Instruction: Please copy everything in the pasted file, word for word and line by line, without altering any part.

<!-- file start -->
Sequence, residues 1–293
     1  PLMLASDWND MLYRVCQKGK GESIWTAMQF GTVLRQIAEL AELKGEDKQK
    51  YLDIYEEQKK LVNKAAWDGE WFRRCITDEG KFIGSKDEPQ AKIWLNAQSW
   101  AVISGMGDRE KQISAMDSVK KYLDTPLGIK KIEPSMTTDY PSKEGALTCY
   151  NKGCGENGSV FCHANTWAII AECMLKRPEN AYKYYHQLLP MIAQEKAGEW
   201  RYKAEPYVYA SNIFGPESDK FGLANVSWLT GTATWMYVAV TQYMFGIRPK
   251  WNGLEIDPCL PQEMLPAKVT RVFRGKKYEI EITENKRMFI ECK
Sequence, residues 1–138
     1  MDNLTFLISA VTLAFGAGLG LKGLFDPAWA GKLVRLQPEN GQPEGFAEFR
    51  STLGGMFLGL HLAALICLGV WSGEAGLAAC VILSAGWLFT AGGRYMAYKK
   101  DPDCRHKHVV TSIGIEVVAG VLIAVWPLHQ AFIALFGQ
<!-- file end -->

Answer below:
Sequence, residues 1–293
     1  PLMLASDWND MLYRVCQKGK GESIWTAMQF GTVLRQIAEL AELKGEDKQK
    51  YLDIYEEQKK LVNKAAWDGE WFRRCITDEG KFIGSKDEPQ AKIWLNAQSW
   101  AVISGMGDRE KQISAMDSVK KYLDTPLGIK KIEPSMTTDY PSKEGALTCY
   151  NKGCGENGSV FCHANTWAII AECMLKRPEN AYKYYHQLLP MIAQEKAGEW
   201  RYKAEPYVYA SNIFGPESDK FGLANVSWLT GTATWMYVAV TQYMFGIRPK
   251  WNGLEIDPCL PQEMLPAKVT RVFRGKKYEI EITENKRMFI ECK
Sequence, residues 1–138
     1  MDNLTFLISA VTLAFGAGLG LKGLFDPAWA GKLVRLQPEN GQPEGFAEFR
    51  STLGGMFLGL HLAALICLGV WSGEAGLAAC VILSAGWLFT AGGRYMAYKK
   101  DPDCRHKHVV TSIGIEVVAG VLIAVWPLHQ AFIALFGQ